The United States Hockey League is taking another step to improve game operations as the use of video review will be introduced in select buildings. The Waterloo Black Hawks are the first team to be approved by the USHL Hockey Operations to implement video review for the purpose of disputed goals, and their home game on Friday, January 31st against the Muskegon Lumberjacks will be the first USHL regular season game to have the video resource available to the on-ice officials.
USHL referees determine whether a goal has been scored, but multiple camera angles, including overhead, will give officials another vantage point to help clarify situations where the original call on the ice may be disputed.
“Ultimately, the officials on the ice want to make the proper decisions on whether goals are scored legally, but the ability to use replay when they feel it necessary is an excellent tool to make sure they arrive at the correct decision,” said Scott Zelkin, Manager of Junior Officiating Development Program for USA Hockey and the USHL Referee-in-Chief.
The USHL first experimented with video review for disputed goals during the Fall Classic West, hosted by the Sioux City Musketeers at the Tyson Events Center in Sioux City, Iowa, paving the way for future use in regular season contests.
After a significant financial commitment this summer by the Waterloo Black Hawks, the City of Waterloo, and Black Hawk County Gaming Association, improvements to the scoreboard and video technology at Young Arena have made it possible for the implementation of the video review.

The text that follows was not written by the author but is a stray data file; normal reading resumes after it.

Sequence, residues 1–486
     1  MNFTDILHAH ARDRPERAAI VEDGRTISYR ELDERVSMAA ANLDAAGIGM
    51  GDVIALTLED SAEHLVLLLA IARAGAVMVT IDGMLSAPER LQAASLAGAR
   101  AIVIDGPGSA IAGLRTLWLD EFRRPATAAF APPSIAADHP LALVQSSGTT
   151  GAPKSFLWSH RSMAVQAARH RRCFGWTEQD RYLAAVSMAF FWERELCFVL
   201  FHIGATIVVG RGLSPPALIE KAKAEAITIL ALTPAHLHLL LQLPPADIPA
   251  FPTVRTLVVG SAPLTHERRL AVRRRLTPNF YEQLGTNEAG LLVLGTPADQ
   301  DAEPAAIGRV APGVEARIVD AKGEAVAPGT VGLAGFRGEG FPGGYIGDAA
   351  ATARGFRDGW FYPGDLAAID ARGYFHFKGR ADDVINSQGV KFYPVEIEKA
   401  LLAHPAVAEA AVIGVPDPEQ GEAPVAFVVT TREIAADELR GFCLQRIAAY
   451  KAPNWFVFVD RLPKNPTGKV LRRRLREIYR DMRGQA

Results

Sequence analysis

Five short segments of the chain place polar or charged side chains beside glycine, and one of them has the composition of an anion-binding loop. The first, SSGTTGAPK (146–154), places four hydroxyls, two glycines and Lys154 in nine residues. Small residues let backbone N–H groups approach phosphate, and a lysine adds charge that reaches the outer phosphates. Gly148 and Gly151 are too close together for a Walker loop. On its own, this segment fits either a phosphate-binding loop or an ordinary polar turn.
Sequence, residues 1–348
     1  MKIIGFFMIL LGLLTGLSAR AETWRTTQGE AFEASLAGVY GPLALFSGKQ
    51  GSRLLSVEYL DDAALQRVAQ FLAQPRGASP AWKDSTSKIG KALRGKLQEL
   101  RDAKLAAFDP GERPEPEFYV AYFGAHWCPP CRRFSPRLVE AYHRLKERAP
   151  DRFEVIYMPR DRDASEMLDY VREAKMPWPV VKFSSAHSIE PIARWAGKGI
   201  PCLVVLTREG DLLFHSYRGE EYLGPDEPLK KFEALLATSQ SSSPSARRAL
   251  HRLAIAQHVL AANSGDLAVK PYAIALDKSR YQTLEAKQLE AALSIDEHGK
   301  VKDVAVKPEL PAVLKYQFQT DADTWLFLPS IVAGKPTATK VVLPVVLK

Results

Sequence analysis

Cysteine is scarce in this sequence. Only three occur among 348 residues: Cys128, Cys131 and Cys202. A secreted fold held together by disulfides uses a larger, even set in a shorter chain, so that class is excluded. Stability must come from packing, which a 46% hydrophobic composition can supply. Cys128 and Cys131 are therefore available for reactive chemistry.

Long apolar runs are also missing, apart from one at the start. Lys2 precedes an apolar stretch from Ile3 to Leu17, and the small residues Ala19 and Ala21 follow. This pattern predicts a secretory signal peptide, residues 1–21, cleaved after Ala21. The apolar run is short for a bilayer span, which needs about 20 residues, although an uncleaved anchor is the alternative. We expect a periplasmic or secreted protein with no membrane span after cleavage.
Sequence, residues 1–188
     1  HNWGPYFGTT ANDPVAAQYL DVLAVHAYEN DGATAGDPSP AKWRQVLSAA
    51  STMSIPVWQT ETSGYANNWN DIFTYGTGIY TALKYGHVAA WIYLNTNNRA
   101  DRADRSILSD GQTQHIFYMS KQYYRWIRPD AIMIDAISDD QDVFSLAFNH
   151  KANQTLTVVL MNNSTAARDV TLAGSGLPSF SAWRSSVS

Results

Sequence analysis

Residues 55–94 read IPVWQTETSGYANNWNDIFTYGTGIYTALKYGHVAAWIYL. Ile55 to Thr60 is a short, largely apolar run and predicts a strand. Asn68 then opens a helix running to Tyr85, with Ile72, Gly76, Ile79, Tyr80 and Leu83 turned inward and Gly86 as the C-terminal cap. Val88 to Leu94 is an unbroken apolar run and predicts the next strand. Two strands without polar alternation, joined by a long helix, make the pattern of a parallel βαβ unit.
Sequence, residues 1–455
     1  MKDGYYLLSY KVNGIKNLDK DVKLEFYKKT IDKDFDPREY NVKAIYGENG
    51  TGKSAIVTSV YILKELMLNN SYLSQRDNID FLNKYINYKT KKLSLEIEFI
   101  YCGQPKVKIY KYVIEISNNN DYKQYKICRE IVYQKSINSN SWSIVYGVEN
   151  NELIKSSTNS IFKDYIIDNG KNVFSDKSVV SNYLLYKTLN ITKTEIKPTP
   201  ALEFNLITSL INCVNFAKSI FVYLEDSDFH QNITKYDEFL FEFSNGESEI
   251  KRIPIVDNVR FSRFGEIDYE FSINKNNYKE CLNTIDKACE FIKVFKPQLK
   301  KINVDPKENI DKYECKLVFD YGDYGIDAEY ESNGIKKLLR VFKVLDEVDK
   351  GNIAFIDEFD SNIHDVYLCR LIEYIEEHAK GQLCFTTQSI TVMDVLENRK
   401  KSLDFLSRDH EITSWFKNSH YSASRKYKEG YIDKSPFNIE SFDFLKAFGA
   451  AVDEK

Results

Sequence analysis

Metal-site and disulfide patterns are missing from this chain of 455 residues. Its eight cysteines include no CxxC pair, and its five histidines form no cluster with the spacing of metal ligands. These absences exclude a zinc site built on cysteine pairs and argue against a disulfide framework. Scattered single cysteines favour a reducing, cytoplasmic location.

“At this level, skill development is the most important thing we can provide to players, coaches, and officials, and the new technology available at Young Arena helps that cause for all,” said Waterloo Black Hawks Vice President Mike Falk. “From the time the USHL indicated that they were interested in making video review part of the game, we wanted to be at the forefront of this innovation.”
The USHL has researched and discussed introducing video review of goals for the past few seasons, but varying logistics, technology, and resources in each USHL arena has not yet allowed for League-wide implementation. The efforts made by the Waterloo Black Hawks will give the USHL an opportunity to further examine the process and determine future use of video review in the League.
In the event of a disputed goal or scoring play that needs further review, on-ice officials will be able to look at video replay through a monitor stationed at ice level to help determine the proper call. Reviewable plays include determining whether a puck completely crosses the goal line, a puck crossing the line prior to the net being dislodged, a puck being directed into the net by attacking player with anything besides a stick, a puck that has been kicked in or directed in with a kicking motion, a puck being deflected in by a high stick, or a puck entering the net off an official.
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